Simple yield to maturity:

Bond coupon plus principal gain / loss amortised over the time to maturity, as a proportion of the clean price per 100.  Does not take time value of money into account.  See yield to maturity, current yield.

Special collateral:

A repo dealt for special collateral can only be secured by one particular security;  the buyer enters into the transaction precisely because he needs that specific security rather than any other.  If a security 'goes special', it means that there is particular demand to borrow it, so that it commands a lower repo rate than usual.  See general collateral.

Special drawing right: (Or SDR).  The artificial basket currency of the IMF
Specific collateral:

Similar to special collateral.  A buyer may insist on a security rather than general collateral, because he needs that particular one.

Specific risk:

In measuring position risk for capital adequacy purposes, the risk arising from the issuer of a particular security held by the bank. See general risk.


A deal undertaken because the dealer expects prices to move in his favour, as opposed to hedging or arbitrage.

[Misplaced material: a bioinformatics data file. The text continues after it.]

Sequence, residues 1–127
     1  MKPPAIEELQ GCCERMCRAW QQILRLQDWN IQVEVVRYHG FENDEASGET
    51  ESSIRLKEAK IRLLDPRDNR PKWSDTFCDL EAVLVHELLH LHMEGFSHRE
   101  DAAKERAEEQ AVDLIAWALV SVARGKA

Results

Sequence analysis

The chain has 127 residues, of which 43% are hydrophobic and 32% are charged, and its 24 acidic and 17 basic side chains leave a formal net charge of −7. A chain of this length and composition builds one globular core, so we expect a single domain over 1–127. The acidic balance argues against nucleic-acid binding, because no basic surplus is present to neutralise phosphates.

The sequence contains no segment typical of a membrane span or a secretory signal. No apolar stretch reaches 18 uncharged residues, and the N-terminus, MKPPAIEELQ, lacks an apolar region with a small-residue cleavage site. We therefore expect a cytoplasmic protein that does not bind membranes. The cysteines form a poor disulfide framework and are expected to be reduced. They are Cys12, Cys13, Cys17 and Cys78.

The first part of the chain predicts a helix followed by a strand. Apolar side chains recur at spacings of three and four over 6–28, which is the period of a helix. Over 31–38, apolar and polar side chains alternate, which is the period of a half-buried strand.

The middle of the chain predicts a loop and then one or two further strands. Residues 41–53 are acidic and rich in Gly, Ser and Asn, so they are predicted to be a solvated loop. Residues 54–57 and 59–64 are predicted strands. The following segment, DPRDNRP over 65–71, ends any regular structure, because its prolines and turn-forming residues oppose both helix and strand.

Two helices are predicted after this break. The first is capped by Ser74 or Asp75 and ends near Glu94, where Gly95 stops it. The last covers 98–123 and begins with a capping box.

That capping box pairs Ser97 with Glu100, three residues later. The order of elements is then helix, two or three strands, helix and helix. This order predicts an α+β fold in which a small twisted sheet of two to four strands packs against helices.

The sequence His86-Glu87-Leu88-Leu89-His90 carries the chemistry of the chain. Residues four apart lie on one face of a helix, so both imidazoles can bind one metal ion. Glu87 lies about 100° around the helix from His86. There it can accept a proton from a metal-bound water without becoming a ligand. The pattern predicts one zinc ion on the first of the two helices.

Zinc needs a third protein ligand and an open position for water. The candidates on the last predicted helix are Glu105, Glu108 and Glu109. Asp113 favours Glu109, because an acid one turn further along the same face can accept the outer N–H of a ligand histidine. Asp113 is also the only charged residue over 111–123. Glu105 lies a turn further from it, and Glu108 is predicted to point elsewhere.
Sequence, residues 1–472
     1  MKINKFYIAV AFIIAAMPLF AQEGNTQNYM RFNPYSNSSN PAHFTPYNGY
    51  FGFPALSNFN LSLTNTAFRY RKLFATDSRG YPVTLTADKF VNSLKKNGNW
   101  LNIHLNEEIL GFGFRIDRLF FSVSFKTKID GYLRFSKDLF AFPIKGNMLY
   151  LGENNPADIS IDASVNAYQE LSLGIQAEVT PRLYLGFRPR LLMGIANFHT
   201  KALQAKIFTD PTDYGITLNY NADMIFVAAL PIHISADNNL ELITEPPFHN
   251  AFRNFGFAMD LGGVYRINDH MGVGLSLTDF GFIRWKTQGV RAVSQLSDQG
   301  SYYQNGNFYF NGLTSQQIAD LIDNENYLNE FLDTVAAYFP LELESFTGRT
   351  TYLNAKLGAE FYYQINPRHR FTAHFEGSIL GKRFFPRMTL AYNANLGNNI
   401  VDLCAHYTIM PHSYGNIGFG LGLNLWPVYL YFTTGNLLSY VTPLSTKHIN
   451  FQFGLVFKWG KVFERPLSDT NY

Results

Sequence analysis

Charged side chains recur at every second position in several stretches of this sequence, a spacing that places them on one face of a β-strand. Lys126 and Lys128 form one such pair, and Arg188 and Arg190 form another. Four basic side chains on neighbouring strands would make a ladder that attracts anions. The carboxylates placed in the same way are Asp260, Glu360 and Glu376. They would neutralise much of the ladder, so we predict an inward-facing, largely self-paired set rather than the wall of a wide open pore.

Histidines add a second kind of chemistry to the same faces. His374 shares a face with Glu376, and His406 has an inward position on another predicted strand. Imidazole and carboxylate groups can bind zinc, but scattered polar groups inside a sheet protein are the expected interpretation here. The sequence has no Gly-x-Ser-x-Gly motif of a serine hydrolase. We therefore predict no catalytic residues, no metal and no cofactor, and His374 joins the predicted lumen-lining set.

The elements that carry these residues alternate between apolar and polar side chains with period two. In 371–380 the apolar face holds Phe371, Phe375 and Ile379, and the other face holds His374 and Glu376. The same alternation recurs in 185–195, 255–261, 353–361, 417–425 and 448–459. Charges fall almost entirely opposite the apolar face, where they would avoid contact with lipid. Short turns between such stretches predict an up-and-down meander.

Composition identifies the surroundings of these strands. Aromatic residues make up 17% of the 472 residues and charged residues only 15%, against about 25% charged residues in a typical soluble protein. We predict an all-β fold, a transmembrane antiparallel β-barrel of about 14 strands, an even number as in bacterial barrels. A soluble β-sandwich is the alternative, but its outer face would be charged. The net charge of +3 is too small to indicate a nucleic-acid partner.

A deal to be settled on the customary value date for that particular market.  In the foreign exchange market, this is for value in two working days' time.

In some futures such as gold, ‘spot’ means the nearest expiring futures contract.

A spot curve is a yield curve using zero-coupon yields.


(Or S/N).  A transaction from spot until the next working day.


(Or S/W).  A transaction from spot to a week later.


The difference between the bid and offer prices in a quotation.

Also a strategy involving the purchase of an instrument and the simultaneous sale of a similar related instrument, such as the purchase of a call option at one strike and the sale of a call option at a different strike.

Also the difference between the prices or rates of two different but associated things, such as the difference between the price of oil and the price of coal, or the yield on a bond and an IRS rate.


Spécialiste en Pension sur Valeurs du Trésor (French primary dealers in repo).


A position in which sales exactly match purchases, or in which assets exactly match liabilities.  See long, short.


See standard settlement instructions.

Standard deviation (s):